The 1980s were a golden age for low budget horror, because of a perfect confluence of conditions. VHS provided the distribution medium, video stores provided the market, and the Reagan Revolution provided an economic climate that rewarded entrepreneurship. Horror always had its indie maestros, but their ranks exploded in the Eighties, while established filmmakers still dabbled in the genre with studio backing. It all resulted in a bountiful harvest that continues to inspire filmmakers today. The stars, filmmakers, and special effects artists associated with the era’s great (and not so great) horror films take stock of their collective body of work in David A. Weiner’s In Search of Darkness: The Definitive 80’s Horror Documentary, which premiered during this year’s Beyond Fest.
With a 240-minute running time, it is reasonably fair of Weiner & company to use the word “definitive.” Although they introduce thematic topics along the way, the survey is mostly organized year-by-year and film-by-film. As you would expect (and hope), a great deal of time is devoted to series like Friday the 13th, Hellraiser, and Nightmare on Elm Street—not just once for the original film, but repeatedly returning to the franchises to give successive sequels their due.
There are an awful lot of films under discussion here. Fair consideration is given to the Halloween sequels that disappointed or confused and the Psycho sequels that far surpassed fans’ expectations. A great deal of time is given to films like John Carpenter’s The Thing and They Live, which are now widely acknowledged as significant cinema, but equal time is given to fan favorites, such as Fred Dekker’s’ Night of the Creeps and Stuart Gordon’s Re-Animator. The on-screen experts make their case for underappreciated films like Ghost Story as well as monster hits like the Lost Boys. Frankly, the only really conspicuously overlooked film has to be Twilight Zone: The Movie, which is notable for the crazy “Midnight Special” prologue and the tragic real life events that occurred during its production.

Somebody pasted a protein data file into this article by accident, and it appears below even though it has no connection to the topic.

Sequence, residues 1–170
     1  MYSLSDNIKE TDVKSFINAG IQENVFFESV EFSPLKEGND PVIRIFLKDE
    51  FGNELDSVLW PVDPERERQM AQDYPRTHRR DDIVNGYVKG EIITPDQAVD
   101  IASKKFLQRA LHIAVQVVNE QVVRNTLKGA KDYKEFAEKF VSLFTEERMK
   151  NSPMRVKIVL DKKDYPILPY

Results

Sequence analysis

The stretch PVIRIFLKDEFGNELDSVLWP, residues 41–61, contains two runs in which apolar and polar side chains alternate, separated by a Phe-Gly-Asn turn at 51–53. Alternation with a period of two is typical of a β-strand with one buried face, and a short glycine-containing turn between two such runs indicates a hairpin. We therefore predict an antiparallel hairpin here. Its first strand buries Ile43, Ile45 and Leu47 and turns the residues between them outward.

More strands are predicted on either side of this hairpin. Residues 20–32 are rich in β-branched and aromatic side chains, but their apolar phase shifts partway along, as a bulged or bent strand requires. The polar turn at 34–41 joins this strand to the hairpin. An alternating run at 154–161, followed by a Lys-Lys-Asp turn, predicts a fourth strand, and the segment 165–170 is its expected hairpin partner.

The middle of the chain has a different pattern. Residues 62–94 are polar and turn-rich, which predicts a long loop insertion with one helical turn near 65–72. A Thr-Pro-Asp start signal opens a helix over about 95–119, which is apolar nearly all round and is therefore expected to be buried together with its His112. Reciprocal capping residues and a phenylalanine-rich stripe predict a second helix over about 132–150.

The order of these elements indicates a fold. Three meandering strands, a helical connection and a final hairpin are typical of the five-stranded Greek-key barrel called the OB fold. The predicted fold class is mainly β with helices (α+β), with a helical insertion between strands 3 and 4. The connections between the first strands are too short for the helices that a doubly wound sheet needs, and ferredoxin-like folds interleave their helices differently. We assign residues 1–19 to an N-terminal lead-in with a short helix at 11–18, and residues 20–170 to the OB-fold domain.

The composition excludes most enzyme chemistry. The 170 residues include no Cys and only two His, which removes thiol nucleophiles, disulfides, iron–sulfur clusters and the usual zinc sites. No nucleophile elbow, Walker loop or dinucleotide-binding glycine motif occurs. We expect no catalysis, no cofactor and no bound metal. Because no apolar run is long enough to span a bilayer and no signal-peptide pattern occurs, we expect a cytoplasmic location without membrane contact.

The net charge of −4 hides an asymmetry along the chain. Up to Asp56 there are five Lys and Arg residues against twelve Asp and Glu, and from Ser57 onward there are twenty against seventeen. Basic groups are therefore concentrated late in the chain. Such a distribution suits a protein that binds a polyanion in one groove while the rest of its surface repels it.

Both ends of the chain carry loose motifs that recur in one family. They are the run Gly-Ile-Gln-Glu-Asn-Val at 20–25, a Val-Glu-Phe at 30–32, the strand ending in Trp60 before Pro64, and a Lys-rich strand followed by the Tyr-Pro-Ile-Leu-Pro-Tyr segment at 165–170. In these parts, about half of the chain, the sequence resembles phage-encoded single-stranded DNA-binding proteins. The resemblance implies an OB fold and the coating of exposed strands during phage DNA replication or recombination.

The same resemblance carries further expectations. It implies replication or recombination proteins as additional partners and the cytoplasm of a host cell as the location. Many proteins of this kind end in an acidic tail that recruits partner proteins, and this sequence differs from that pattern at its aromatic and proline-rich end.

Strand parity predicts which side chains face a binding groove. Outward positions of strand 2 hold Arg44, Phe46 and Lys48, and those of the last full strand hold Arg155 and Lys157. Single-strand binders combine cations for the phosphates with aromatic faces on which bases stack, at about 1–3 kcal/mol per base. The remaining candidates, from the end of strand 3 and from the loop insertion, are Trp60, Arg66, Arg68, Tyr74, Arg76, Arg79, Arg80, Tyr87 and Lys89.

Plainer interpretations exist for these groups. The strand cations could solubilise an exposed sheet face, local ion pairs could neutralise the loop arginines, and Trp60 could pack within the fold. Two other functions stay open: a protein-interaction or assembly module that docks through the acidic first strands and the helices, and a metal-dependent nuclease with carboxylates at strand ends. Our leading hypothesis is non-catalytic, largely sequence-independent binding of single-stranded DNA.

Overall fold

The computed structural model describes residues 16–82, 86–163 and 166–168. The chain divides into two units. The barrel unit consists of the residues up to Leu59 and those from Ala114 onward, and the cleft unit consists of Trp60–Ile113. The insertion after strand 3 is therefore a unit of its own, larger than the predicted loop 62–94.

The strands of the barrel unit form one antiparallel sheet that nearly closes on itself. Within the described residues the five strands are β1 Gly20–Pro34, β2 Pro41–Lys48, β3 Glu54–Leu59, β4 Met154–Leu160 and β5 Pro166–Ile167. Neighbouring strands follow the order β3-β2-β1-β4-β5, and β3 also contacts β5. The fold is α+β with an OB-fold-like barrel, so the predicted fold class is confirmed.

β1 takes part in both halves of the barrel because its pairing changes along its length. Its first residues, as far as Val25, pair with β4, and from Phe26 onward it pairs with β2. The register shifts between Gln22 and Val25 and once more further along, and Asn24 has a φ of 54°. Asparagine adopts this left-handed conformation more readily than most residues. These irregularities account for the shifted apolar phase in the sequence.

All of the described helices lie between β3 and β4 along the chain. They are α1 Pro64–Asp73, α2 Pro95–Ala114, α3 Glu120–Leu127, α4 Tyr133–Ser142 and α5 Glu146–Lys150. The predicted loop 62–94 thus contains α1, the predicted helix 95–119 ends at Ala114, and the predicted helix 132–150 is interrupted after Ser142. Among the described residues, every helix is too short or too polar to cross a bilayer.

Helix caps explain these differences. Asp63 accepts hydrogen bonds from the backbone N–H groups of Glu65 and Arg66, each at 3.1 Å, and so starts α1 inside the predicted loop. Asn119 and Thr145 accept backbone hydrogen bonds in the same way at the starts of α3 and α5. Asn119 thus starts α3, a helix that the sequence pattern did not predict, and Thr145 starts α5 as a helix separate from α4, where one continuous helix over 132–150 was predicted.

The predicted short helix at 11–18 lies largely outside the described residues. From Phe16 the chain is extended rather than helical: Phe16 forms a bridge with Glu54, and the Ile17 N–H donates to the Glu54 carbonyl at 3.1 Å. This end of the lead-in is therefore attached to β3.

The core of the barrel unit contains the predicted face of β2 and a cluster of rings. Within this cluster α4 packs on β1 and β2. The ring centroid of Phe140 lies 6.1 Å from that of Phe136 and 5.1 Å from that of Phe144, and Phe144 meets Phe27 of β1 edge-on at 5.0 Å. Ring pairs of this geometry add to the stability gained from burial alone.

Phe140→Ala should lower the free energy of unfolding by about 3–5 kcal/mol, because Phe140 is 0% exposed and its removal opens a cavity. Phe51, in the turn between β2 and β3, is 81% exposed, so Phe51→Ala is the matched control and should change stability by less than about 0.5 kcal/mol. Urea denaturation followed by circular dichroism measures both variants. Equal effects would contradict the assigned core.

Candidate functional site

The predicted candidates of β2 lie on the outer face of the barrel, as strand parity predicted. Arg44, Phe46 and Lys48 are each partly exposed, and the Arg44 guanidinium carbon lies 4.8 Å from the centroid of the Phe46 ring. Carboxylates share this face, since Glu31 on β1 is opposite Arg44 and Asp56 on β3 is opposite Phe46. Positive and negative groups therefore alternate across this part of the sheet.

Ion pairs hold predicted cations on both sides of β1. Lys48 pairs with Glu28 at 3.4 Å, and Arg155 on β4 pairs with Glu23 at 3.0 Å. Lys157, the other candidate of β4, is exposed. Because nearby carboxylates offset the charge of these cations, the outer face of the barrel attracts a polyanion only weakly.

The list if interview participants is also quite impressive. We get to hear from directors John Carpenter, Joe Dante, Stuart Gordon, Tom Holland, Mick Garris, Sean Cunningham, and the late, great Larry Cohen, as well as genre thesps Tom Atkins (The Fog, Night of the Creeps), Heather Langenkamp (Nightmare on Elm Street), Cassandra Peterson (a.k.a. Elvira, Mistress of the Dark), Barbara Crampton, Jeffrey Combs, Keith David (The Thing), Doug Bradley (Hellraiser), and everyone’s favorite Jason Voorhees, Kane Hodder.
One of the nicest surprises in In Search of is the sense of humor Tom Atkins displays when discussing his films. Arguably, the only annoying segments feature the offkey political rants from Alex Winter (the guy in Bill & Ted, who wasn’t Keanu Reeves or George Karlin), but his crankiness is easy to dismiss.
Altogether, there are a lot of fond movie memories revisited here. Weiner’s doc will also inspire viewers to catch up with some films they might have missed back in the day. Four-hours is a challenging running time for further festival play, but this film would fit Shudder or a similar streaming service like a glove. Regardless, cheers to Beyond Fest for premiering In Search of Darkness, which is highly recommended for real deal horror fans.